Jimanne1

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...I notice that my original question has still not been answered as of yet. I have hope that it will be answered though, instead of being flamed for asking it.

 

Following my recent "illness" onboard the Emerald Princess 1/19-1/29, DH and I fully expected to be charged for the nurse's visit to our stateroom on the morning of January 27 after I had reported vomiting and diarrhea and suspected that I might have the dreaded Noro. I did not summon the nurse, but the Chief Physician wanted her to see me to determine the severity of my symptoms. We were pleasantly surprised to see no medical charges on our final shipboard statement.

 

Below is an earlier post about my brief illness on the Emerald. While no one wants to be sick on vacation, I was treated like a queen, and not being charged for the "house call" was a royal treat :)

During the wee hours of Tuesday (the 27th), the ship was really rocking and rolling. I don't often get seasick but woke several times with a knot in my stomach and dizziness. We didn't get up in time for breakfast in the dining room and went to the IC for coffee. Even while sitting, I felt faint and told DH that I really should get back to the cabin and lie down. I vomited once and had an episode of diarrhea about an hour later. Since there is always the possibility of Norovirus onboard, we reported my symptoms to Passenger Services.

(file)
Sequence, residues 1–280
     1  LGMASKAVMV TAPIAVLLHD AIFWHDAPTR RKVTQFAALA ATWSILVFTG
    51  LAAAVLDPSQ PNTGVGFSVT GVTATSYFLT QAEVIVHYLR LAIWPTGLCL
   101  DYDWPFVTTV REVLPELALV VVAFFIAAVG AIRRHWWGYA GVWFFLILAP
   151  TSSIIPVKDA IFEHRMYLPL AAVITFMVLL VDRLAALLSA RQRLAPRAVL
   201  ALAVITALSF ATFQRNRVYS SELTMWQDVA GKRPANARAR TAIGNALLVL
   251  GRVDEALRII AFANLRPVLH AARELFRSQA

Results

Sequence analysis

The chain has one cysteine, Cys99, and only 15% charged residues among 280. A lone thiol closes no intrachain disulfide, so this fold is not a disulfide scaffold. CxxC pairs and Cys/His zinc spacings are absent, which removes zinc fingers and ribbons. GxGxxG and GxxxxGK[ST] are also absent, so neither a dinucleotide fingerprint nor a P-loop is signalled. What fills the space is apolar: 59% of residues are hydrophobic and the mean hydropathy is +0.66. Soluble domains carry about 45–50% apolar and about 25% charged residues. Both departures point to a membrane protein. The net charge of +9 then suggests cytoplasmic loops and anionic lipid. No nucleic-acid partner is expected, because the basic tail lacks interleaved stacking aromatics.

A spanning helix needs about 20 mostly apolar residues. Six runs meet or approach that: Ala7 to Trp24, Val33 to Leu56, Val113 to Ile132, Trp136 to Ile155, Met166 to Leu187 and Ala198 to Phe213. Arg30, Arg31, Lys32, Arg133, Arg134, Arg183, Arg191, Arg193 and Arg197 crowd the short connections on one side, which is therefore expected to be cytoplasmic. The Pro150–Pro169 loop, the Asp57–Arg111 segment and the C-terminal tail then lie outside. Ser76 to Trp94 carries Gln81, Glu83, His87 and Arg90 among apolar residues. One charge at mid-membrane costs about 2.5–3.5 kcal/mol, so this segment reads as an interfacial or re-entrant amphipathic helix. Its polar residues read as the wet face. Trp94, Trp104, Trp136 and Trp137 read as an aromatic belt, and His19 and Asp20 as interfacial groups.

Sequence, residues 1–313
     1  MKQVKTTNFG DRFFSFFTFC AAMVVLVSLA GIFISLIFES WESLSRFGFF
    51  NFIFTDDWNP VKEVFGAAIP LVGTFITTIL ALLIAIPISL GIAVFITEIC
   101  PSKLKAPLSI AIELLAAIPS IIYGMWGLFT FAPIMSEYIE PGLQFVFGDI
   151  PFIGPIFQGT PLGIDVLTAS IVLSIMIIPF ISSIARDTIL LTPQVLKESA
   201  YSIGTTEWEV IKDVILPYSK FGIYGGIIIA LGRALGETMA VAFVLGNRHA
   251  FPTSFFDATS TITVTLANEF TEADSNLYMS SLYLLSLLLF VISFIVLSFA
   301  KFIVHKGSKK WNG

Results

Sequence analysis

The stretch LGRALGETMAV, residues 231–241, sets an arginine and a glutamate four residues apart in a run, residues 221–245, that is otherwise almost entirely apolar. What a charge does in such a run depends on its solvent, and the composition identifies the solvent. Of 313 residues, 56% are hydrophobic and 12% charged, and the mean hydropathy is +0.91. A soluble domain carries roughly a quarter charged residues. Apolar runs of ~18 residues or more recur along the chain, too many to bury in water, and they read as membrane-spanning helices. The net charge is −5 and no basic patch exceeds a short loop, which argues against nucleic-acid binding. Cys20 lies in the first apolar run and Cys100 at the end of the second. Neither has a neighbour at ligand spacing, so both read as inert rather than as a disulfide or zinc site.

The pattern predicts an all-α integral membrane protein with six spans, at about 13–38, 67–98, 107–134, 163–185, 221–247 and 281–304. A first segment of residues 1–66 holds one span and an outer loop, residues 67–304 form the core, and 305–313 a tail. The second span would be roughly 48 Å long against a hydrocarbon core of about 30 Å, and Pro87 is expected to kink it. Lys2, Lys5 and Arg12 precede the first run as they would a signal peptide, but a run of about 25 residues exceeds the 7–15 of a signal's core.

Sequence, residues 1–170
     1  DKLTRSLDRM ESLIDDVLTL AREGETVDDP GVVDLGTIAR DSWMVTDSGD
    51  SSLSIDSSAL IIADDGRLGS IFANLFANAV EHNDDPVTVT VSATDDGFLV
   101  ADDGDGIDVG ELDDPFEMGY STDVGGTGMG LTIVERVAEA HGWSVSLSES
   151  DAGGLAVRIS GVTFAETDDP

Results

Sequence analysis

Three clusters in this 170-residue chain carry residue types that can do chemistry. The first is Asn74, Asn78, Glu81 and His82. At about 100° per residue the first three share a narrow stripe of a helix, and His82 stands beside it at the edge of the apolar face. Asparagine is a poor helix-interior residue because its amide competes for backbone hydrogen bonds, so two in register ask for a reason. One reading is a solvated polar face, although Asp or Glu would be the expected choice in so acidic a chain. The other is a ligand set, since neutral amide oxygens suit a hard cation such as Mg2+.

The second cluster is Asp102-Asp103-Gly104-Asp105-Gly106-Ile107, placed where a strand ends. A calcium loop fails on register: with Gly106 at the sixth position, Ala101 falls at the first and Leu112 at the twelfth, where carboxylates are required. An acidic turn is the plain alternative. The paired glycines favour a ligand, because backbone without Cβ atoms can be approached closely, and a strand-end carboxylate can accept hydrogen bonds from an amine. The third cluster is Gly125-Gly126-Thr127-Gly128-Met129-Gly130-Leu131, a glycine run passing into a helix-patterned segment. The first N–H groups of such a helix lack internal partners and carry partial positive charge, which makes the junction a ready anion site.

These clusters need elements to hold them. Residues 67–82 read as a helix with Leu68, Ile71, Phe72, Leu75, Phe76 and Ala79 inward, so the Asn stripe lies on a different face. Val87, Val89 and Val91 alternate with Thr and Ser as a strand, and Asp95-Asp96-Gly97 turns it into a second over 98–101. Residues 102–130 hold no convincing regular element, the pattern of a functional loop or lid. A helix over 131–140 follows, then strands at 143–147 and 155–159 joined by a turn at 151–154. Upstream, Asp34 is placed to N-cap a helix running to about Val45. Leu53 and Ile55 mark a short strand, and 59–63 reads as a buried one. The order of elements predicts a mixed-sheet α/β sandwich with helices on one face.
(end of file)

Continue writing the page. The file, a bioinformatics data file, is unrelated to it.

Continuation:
A nurse called an hour or so later and wanted to know if I was still unwell. DH told her that I had taken Immodium and was resting. After the initial episode, I had no symptoms other than feeling weak and a little dizzy. Nurse Andrea said that I should stay in my stateroom and that she would contact me again later to see how I was feeling. The ship's doctor must have decided to investigate further, so the nurse came to our cabin to see me. She took my temp (low-grade fever), BP (fine), and asked me about my symptoms. I told Nurse Andrea that I thought the overnight sailing had been rough and that I had probably had too much sun, a little too much food, and too much wine, all of which contributed to my feeling unwell.

 

Since I had already taken Immodium and had plenty of Tylenol, the nurse didn't give me additional meds. I wasn't nauseous and didn't require an injection. The nurse requested that I remain in the cabin for 24 hours following the initial episode (11:00AM). DH was free to come and go as he pleased but was advised to not eat at the buffet. I had not eaten since dinner the night before and was encouraged to order items from a special room service menu. Nurse Andrea suggested chicken broth, rolls, and tea, and I had to drink plenty of water to stay hydrated. She also made arrangements for a special cleaning team to sanitize our stateroom.